October 13 — Odessa city council on Tuesday voted to postpone an action that would have made it harder for gambling halls to operate in the city.
Several council members said the postponement of the vote would give city administrators and legal staff more time to strengthen several proposed ordinance amendments and fill any legal loopholes that gambling hall operators had previously used to circumvent the law.
“Basically we wanted more time to study the issue,” said Councilor Steve Thompson, who supported fellow councilor Tom Sprawls’ motion to table the issue.
For example, Thompson said, the council initially wanted to pass an amendment that would prohibit gambling halls from being located within 1,000 feet of another gaming facility, church, educational facility, of a public health facility building or the boundary of a residential zoning district.
But that plan had to be scrapped after city attorney Natasha Brooks informed council that state law only allowed cities to impose a maximum location ban of 300 feet.
“I know it doesn’t make sense, but state law allows counties to pass a 1,000-foot ordinance, but cities don’t,” Thompson said. “So one of the things the city wants to do is see if we can work with the county to pass a county wide gambling hall ordinance.”
The council faced the same issue at Tuesday’s council meeting, when Midland District Attorney Jason Hamm challenged the legality of the city’s attempt to change its ordinance regulating gambling halls.
Hamm, who made his comments after the board had already voted unanimously to postpone its vote, told the board that the proposed amendments contained “a number of issues, inconsistencies and typos.” He also warned that some of their proposed efforts to more tightly regulate gambling halls were illegal. He cited the 1,000 foot rule as an example.
Hamm, who said he represents a client who owns a gambling hall in Odessa, also accused the city of unfairly targeting gambling establishments.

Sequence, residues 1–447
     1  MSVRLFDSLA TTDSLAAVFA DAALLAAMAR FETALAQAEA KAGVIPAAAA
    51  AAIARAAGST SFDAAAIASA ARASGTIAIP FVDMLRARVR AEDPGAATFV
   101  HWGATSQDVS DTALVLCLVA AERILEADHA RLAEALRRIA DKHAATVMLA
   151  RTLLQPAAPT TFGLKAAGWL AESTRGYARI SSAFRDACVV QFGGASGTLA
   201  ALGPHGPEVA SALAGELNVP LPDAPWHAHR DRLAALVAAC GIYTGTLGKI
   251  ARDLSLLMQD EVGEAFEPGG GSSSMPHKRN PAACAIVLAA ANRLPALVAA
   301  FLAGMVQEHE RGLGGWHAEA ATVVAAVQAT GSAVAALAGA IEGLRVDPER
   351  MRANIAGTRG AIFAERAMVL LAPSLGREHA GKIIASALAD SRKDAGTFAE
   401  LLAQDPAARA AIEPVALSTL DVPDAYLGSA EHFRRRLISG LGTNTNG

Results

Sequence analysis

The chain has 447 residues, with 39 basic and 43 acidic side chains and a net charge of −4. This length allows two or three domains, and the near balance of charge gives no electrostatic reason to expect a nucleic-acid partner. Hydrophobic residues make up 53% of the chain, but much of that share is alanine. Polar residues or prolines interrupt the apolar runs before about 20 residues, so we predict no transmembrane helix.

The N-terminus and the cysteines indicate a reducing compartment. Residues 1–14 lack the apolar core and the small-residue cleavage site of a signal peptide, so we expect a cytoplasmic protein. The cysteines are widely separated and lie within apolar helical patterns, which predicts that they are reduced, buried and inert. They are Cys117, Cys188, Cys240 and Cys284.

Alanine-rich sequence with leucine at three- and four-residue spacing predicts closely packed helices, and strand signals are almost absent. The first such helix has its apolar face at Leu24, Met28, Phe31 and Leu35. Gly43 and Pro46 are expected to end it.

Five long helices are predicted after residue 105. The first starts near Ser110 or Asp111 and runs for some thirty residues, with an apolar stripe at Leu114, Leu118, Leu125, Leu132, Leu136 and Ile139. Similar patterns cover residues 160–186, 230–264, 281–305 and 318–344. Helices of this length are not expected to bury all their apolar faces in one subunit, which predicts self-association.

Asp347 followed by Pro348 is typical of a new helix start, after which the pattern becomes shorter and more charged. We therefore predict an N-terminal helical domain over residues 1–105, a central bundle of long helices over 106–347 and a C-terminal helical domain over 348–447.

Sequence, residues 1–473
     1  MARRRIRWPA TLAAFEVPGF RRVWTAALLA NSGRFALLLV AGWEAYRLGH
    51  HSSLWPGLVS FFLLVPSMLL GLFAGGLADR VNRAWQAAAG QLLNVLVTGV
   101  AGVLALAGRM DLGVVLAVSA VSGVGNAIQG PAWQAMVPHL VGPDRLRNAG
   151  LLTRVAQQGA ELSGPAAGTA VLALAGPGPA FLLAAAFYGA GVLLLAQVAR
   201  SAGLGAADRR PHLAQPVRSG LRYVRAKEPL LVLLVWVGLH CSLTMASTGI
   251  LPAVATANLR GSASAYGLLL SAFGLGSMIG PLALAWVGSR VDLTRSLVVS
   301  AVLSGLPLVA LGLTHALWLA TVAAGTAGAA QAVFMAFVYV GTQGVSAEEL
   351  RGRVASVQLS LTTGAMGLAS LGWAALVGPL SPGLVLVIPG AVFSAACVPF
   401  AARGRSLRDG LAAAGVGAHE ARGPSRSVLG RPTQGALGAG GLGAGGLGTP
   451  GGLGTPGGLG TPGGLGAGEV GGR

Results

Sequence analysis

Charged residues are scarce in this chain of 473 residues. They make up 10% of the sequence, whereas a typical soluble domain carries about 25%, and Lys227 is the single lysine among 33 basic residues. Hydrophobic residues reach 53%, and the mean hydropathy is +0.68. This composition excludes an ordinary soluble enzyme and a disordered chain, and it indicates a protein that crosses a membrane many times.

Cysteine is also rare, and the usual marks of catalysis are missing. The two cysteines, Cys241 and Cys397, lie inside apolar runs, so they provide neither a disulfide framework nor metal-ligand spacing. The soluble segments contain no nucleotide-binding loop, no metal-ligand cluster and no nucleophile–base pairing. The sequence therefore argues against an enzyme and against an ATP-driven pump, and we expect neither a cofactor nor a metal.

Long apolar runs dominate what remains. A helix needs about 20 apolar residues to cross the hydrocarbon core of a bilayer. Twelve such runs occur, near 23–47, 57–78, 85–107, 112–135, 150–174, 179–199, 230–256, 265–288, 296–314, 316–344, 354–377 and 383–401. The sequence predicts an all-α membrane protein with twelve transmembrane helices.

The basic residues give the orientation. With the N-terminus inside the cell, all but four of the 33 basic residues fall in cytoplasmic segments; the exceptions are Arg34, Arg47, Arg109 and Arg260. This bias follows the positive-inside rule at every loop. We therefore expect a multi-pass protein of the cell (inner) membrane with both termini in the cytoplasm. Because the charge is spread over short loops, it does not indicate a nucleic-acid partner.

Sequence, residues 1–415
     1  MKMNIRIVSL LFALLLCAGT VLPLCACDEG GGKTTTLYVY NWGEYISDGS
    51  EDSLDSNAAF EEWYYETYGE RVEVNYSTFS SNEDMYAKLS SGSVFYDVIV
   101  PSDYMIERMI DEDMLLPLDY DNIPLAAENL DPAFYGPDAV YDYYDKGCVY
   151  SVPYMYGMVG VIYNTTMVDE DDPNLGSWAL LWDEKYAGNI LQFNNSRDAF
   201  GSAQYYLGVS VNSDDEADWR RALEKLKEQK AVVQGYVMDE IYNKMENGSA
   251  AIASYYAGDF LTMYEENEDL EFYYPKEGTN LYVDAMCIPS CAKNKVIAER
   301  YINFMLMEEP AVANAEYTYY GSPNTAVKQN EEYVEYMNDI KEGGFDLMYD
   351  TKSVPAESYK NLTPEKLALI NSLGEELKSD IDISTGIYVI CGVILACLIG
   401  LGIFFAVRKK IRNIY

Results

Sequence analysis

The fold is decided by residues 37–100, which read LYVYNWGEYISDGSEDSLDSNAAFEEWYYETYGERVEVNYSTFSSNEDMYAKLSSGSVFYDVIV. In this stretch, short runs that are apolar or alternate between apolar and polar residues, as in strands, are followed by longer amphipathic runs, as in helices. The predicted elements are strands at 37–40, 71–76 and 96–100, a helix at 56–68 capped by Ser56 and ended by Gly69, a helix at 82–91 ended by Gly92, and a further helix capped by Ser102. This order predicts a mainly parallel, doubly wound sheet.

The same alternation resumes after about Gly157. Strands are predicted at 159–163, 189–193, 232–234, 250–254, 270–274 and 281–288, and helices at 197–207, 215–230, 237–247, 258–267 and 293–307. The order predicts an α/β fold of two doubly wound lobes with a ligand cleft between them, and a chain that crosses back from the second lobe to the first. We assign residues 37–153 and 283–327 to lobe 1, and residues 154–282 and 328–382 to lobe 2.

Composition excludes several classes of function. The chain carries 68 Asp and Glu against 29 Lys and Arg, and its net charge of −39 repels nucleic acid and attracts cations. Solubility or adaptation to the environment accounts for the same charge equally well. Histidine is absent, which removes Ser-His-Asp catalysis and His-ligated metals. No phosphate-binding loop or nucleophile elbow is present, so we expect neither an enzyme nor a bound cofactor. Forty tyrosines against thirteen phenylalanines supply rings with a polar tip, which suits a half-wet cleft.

He argued that gambling halls should be allowed to stay open until 2 a.m., 7 days a week, rather than the city’s proposed closing time of 11 p.m. on weekdays and midnight on weekends. end. Currently, the city does not regulate the hours of gambling halls, so many of them are open 24 hours a day.
“The pool halls and dance halls are open until 2 am,” Hamm said. “For some reason the game rooms are distinguished.”
Hamm acknowledged that many of these gambling facilities are a haven for drugs, illegal gambling, violence, and many other crimes.
“My client is in favor of an ordinance that eliminates the scum,” said Hamm, who blamed the illegal activity on gambling halls owned by people who do not live in Odessa. “In recent years we have seen an influx of people from outside settling in.”
According to Odessa City Police records, at least 23 gambling halls are currently operating in Odessa.
The biggest problem is that the city’s current ordinance does very little to govern gambling halls, said Randy Brinlee, planning director.
Police chief Michael Gerke said police frequently destroy these gambling facilities for illegal exploitation and shut them down. But gambling hall owners have used a legal loophole to stay in business by transferring ownership to a spouse or other family member.
“The problem we’ve had is that we’re going to close one of these places, but by the end of the week they’re back on and running under new ownership,” Gerke said.
Under the proposed amended order, if ownership of an amusement arcade is transferred to another owner, it is automatically considered a new business and must meet all of the proposed new requirements.
For example, the proposed amendment to the ordinance would only allow new arcades to open in areas that are already zoned, planning director Randy Brinlee said in light and heavy industrial areas.
Businesses would be required to have 30 paved parking spaces plus one space for every 100 square feet of area over 2,000 square feet.
Arcade hours would also be limited to 8:00 a.m. to 11:00 p.m. Monday through Thursday, and 8:00 a.m. to midnight Friday through Sunday.